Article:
The Sundance Fire, a lightning caused wildfire of 55,910 acres, broke out on August 23 and burned through September, 1967. On the afternoon and evening of September 1, the wildfire made a historic run burning through the Pack River drainage in a matter of hours. The fire burned an area 6 miles wide and over 25 miles long, and its behavior and effects are still studied today.
Meanwhile, the Trapper Peak fire was ramping up northwest of Bonners Ferry, eventually burning 16,600 acres toward Canada before being brought under control after 31 days by firefighters and U.S. Army troops and local men.
In 2017, through the efforts of numerous agencies and organizations, including the Boundary County Museum, commemorative events were held throughout the area to observe the 50th year of these two unforgettable fires.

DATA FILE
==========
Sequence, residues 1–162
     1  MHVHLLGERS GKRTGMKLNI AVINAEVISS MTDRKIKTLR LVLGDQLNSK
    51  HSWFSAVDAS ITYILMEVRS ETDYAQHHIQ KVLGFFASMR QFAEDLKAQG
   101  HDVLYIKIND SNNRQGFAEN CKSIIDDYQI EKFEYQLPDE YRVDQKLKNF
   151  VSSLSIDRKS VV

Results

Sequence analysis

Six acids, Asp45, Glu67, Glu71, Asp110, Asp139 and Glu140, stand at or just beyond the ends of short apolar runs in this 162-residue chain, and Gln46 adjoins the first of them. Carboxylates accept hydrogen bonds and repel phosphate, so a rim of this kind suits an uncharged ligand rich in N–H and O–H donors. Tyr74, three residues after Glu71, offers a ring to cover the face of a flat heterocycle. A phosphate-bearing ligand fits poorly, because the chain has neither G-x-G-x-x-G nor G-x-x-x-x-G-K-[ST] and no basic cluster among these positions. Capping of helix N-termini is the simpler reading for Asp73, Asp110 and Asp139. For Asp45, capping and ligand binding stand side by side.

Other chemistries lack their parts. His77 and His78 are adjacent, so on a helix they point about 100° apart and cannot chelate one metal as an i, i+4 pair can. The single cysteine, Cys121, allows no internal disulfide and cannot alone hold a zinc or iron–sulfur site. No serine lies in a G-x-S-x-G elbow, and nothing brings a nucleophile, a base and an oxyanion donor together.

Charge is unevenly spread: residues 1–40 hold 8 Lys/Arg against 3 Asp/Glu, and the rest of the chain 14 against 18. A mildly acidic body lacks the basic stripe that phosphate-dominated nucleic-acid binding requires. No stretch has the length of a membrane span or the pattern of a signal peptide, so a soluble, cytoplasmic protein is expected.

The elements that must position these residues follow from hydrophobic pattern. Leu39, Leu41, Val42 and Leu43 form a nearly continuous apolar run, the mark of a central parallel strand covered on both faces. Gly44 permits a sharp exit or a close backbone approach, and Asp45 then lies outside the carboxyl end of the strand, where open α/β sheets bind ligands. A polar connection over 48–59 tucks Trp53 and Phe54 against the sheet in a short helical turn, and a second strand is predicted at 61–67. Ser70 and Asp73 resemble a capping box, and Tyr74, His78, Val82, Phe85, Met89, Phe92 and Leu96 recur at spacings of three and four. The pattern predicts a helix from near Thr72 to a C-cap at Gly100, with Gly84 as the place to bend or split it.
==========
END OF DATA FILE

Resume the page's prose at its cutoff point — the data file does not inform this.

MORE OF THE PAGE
A part of the Museum’s research included the making of video oral histories of Boundary County folk who lived through the terrifying event. Below are four of the twenty-two interviews conducted, three remembering the fire lines and one remembering what happened in town:
John Alt – Moving equipment & Setting up camps
Vern McCalmant – Dozer Operator
Phil Schnuerle – Cooking on Trapper Peak at Cow Creek Meadows
Marjorie Cook Pinkerton – Town and Farm Memories